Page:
- High interaction rates but low conversions
While managing those increased orders, it was all hands on deck for La Rouge. Though they were excelling with getting eyes on their website, they hadn’t actually updated their Instagram or TikTok in a long while. This led to fewer interactions and left room for unaddressed messages and product reviews. Sound familiar? It may help to learn more about brand photography and why it can pay off for your business.
Look for potential opportunities
When you started building your brand or business, it was because you saw an opportunity that you wanted to make the most of. Now it is time to do it again. Brainstorm where you want things to go next! You can consider opportunities such as:
- Increasing the number of posts made each month
- Hiring someone for website or social media management
- Launching a new product and making a certain number of sales by the end of the year
- Increasing your interactions and conversions to double that of what you did last year
Wintertime is here again and La Rouge is ready to charge ahead with more moisturizing products. This company is highlighting their hydrating products to get in on the hype for keeping skin healthy throughout the coldest month of the year. Along with this, they’re already planning for a new product line that is themed for the Year of the Dragon.
Check for possible threats
There are plenty of things out there that none of us can control. You can’t stop a market crash or prevent an earthquake, but you can assess the biggest or most prevalent threats that your business may face. Those might look like these:
- Issues that can hinder your social media growth
- High losses due to product losses or damage (mount that display case!)
- Construction reducing people’s access to your storefront
- Platform changes that may reduce your follower count (see: Twitter/X)
The team at La Rouge understands they aren’t the only company out there that sells skincare and makeup products. The market is saturated so standing out can be tough. They are focusing on finding ways to not only stay relevant this year but also not to be relegated to becoming “just another makeup brand.”
Analyze the results
Now that you have a better idea of your brand’s strengths, weaknesses, opportunities and threats, it’s time to implement your findings. Those strengths can be magnified to help improve their effects and you can plan ahead to prevent or reduce the impact of potential threats.
Looking at La Rouge one last time, we see that they are building on what worked for their product launches last year to help guide their big Year of the Dragon launch in the new year. They are also refreshing their Instagram and trading TikTok for a Pinterest account to help grow their ecommerce business. in order to combat declining brand recognition and audience retention. Oh, and to be safe, they are weather-proofing their brick-and-mortar stores on the East Coast to reduce the chances of losses due to product damage.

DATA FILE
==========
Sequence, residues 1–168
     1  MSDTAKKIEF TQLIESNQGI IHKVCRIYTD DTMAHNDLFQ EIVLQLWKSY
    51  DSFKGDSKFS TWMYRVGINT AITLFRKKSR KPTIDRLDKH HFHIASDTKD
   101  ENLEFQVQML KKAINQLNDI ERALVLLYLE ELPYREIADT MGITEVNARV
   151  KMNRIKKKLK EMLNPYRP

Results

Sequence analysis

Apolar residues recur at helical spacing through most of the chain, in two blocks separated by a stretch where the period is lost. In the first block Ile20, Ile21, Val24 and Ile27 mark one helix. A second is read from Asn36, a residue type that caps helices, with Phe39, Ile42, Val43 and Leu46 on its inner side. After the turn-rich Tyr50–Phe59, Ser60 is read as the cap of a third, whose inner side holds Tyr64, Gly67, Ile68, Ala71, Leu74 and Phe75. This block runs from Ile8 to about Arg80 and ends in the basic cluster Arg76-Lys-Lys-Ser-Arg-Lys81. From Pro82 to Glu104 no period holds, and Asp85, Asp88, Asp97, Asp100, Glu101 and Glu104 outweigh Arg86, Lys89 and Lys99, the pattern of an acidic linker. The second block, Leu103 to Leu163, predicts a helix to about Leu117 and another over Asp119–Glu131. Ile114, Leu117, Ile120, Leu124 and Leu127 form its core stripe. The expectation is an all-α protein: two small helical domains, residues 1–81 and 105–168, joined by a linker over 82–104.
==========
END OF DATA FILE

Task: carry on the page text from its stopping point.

Tips for an effective SWOT
A SWOT analysis isn’t a small endeavor. So it is best to make sure that your approach to yours is going to actually pay you back. When you sit down to try to do your SWOT, remember some of the following tips:
- Get your data before you get started. Creating a spreadsheet of all of your website traffic and your social interactions takes a long time and may take over your analysis.
- Break down your SWOT into categories. We mentioned this above briefly but it is best to break up your analysis into their different “departments.” Do a SWOT for your website, your product development and delivery pipeline, and your digital marketing approach.
- Be honest and get your team’s opinion. It may be tough to look at your business in an unbiased way (we get it cause you worked hard!) It can help to talk to your team members and see what they have noticed. It can also be a great idea to reach out to a third-party like us to help you out. If you have the resources available to afford a SWOT analysis, gift yourself some free time by handing the task off to our team.
It isn’t always easy to analyze and assess the state of your business, especially if you aren’t entirely sure what is going on in the current ecommerce market. That’s why it may be a good idea to “gift” yourself a SWOT analysis. There is nothing wrong with recruiting a marketing pro for an impartial and well-informed look at where your business is and, better yet, where it can go next.